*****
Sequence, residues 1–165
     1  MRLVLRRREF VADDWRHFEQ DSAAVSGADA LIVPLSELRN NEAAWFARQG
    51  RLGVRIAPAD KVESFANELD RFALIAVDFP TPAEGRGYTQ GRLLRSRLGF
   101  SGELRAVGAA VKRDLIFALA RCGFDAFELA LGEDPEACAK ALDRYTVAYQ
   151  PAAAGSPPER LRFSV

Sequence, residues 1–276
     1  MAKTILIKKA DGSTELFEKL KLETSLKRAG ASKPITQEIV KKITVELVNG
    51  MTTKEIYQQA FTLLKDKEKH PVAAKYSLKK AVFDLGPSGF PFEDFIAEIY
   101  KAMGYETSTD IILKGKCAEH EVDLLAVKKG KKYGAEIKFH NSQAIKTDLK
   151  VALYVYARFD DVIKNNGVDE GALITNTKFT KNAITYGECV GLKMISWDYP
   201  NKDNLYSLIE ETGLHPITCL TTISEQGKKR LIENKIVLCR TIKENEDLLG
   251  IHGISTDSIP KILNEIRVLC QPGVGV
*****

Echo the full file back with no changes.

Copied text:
Sequence, residues 1–165
     1  MRLVLRRREF VADDWRHFEQ DSAAVSGADA LIVPLSELRN NEAAWFARQG
    51  RLGVRIAPAD KVESFANELD RFALIAVDFP TPAEGRGYTQ GRLLRSRLGF
   101  SGELRAVGAA VKRDLIFALA RCGFDAFELA LGEDPEACAK ALDRYTVAYQ
   151  PAAAGSPPER LRFSV

Sequence, residues 1–276
     1  MAKTILIKKA DGSTELFEKL KLETSLKRAG ASKPITQEIV KKITVELVNG
    51  MTTKEIYQQA FTLLKDKEKH PVAAKYSLKK AVFDLGPSGF PFEDFIAEIY
   101  KAMGYETSTD IILKGKCAEH EVDLLAVKKG KKYGAEIKFH NSQAIKTDLK
   151  VALYVYARFD DVIKNNGVDE GALITNTKFT KNAITYGECV GLKMISWDYP
   201  NKDNLYSLIE ETGLHPITCL TTISEQGKKR LIENKIVLCR TIKENEDLLG
   251  IHGISTDSIP KILNEIRVLC QPGVGV